January 28 is Data Privacy Day. It is a great opportunity to remind ourselves to cover our cybersecurity blindspots and also highlight the importance of secure coding practices when it comes to protecting personal information.
In the digital age, data is like gold. It has tremendous value, and just like gold, it needs to be mined, transported and stored securely. In the same way that a bank vault keeps gold secure, secure coding practices help keep our data safe.
However, unlike gold, data can be easy to replicate and distribute, making it even more important to ensure that we protect it properly. As developers, it’s our responsibility to make sure that we’re not inadvertently putting people’s personal information at risk.
One of the key things to keep in mind when it comes to protecting privacy in secure coding is the principle of least privilege. This means that we should only give our code access to data and system resources that it needs to do its job, and no more. This helps to limit the damage that can be done if a hacker manages to exploit a vulnerability in our code. In the context of privacy, this also includes the principle of data minimization: only collecting information that is directly relevant and necessary to accomplish a specified purpose. Consider the infamous case of the popular Strava fitness tracker in 2018 where overly broad data collection capabilities used in the generation of their global fitness heatmap revealed high-resolution maps of secret military bases.
Another important aspect of privacy is the principle of making a system secure by default – which includes privacy by default. End-users may not be fully aware of the data being collected and used by an application and may not update their privacy settings to protect it appropriately. It is critical to protect user data as much as possible with just the default settings. In the aforementioned Strava incident, lax security settings in the leaderboard functionality made it possible to identify and ‘de-anonymize’ individual soldiers at military bases by uploading fake routes claiming to run the same routes as the targets. And despite Strava adding in privacy features to mitigate this problem, the same attack happened again on a smaller scale in June 2022! Note that we are not just picking on Strava here – privacy by default is a problem in general when it comes to any kind of tracking software.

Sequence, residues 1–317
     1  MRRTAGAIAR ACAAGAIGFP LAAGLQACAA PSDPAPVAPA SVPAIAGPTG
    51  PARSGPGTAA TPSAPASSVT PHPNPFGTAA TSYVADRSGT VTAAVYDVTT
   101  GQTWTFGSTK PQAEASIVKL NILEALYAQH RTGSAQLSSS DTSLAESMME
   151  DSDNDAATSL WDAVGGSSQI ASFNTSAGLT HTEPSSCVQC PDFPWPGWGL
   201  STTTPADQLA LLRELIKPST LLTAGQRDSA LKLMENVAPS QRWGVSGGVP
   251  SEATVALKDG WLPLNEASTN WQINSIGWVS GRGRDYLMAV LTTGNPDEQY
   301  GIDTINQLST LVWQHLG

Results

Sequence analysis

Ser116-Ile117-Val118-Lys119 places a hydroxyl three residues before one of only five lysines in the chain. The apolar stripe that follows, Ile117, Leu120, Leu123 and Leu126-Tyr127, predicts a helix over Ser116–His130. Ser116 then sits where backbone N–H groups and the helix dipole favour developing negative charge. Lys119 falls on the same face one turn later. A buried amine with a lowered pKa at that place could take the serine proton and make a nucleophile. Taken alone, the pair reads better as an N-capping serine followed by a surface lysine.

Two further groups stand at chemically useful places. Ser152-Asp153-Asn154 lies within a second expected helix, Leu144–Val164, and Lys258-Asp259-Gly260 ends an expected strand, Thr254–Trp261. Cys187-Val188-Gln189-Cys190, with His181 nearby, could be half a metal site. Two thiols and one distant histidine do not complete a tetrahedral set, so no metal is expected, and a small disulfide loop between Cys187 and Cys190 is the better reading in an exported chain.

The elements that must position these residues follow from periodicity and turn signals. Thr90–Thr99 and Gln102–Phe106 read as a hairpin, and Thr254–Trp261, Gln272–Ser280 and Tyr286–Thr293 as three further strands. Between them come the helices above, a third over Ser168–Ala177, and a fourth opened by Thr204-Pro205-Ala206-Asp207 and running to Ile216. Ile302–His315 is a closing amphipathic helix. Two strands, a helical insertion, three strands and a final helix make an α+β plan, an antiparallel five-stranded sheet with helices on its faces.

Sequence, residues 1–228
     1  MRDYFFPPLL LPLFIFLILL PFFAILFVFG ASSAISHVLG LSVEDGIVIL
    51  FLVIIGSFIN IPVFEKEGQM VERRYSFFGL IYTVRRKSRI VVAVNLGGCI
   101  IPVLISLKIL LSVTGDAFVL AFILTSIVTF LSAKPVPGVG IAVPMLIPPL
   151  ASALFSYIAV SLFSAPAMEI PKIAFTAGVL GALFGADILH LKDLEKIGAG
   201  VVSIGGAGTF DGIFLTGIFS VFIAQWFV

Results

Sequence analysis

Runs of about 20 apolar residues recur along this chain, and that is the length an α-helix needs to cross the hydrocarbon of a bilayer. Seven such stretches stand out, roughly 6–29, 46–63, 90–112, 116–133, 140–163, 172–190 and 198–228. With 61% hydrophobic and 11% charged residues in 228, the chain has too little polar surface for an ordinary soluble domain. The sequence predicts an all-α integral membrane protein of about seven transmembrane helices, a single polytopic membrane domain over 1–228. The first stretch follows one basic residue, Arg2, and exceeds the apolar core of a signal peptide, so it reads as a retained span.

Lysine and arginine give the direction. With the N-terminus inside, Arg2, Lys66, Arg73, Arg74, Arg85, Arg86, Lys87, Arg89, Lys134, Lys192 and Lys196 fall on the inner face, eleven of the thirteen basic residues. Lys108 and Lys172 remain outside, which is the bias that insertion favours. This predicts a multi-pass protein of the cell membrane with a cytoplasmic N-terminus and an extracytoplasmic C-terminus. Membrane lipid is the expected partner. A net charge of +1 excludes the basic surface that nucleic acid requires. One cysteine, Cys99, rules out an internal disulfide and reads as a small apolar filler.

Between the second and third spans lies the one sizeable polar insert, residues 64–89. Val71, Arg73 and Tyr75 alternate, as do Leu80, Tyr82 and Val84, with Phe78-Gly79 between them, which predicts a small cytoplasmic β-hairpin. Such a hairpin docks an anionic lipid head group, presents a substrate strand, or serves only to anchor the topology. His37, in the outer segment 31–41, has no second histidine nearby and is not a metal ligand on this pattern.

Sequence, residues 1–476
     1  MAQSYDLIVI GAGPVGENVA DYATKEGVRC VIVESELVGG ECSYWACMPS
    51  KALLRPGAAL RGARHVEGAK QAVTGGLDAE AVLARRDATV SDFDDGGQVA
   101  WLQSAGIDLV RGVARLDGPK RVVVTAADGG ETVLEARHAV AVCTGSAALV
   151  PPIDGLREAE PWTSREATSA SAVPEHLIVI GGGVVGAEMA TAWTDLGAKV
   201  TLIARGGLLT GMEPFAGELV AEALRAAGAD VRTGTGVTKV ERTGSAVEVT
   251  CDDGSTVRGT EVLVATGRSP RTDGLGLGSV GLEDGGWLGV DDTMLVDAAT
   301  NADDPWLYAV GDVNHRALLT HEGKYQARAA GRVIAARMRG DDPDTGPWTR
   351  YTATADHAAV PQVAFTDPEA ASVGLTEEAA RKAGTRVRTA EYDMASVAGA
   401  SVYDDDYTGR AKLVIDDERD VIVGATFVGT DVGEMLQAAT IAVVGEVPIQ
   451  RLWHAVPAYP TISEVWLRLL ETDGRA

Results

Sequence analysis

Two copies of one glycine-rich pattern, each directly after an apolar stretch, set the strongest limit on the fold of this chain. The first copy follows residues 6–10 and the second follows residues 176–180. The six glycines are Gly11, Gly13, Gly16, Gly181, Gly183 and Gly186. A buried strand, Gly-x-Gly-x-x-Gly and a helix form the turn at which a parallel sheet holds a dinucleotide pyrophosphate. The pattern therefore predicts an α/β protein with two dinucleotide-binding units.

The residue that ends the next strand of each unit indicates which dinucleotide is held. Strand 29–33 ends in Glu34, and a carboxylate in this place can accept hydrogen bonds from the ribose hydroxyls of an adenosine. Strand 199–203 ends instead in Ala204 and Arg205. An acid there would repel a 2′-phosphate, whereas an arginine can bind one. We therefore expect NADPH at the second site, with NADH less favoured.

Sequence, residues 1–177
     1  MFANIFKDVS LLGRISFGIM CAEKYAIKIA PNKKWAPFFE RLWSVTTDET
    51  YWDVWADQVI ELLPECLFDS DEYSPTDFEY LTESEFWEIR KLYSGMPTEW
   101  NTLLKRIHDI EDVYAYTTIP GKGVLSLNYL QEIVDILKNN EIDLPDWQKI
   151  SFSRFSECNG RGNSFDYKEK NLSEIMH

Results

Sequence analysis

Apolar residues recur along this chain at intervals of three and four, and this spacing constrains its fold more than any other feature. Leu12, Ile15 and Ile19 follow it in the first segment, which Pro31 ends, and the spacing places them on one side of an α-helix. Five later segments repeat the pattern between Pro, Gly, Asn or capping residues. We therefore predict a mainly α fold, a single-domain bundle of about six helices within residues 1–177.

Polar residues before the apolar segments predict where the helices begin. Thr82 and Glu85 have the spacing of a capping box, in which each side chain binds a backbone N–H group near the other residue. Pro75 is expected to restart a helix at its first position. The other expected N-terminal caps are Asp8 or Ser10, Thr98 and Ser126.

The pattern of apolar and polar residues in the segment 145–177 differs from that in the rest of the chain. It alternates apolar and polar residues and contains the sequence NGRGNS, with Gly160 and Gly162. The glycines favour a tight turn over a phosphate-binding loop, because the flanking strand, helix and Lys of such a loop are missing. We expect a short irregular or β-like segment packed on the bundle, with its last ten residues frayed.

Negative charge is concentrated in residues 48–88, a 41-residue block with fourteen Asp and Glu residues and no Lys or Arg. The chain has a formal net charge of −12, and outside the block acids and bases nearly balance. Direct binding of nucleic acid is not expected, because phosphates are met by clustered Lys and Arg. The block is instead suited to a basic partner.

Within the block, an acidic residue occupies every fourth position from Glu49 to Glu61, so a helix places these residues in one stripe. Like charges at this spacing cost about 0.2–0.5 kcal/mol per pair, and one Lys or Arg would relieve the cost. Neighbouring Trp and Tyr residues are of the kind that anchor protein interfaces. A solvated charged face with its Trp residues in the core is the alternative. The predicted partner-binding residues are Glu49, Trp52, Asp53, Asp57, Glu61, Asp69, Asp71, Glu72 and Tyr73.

And of course, vulnerabilities in the code related to input validation, authentication and authorization can all lead to privacy issues. As a recent example, broken authorization in Twitter’s Android client, reported in January 2022, could reveal the phone number and email addresses of its users – even for people who have hidden these fields via privacy settings. This vulnerability had devastating consequences: in July 2022, criminals went on to sell the personal details of 5.4 million Twitter users they obtained by exploiting the vulnerability back in 2021.
In addition to protecting personal information and adhering to laws and regulations, privacy compliance also involves ensuring secure coding practices are in place. Organizations should develop and implement secure coding standards and guidelines, and regularly train developers on best practices. They should also conduct regular code reviews and testing to identify and address vulnerabilities in the software however, we maximize the impact when we prioritize people over tools.
The ultimate measure of privacy compliance that business leaders should ensure is building a resilient application from data to code, and continuously assessing and improving their data privacy practices, including secure coding practices, to protect personal information and build trust with customers and stakeholders.
Overall, secure coding is an essential part of protecting personal information and should be at the forefront of every developer’s mind. By keeping the concepts of least privilege, data minimization, and secure by default in mind and following best practices with input validation, authentication and authorization, we can go a long way towards keeping our data safe and secure.
Let’s all take this Data Privacy Day as an opportunity to refresh our knowledge and make sure that we’re doing everything we can to protect the personal information that we handle. Let’s celebrate this special day by committing to a more secure digital future through the practice of secure coding.
What steps do you take to prioritize software security in your digital business?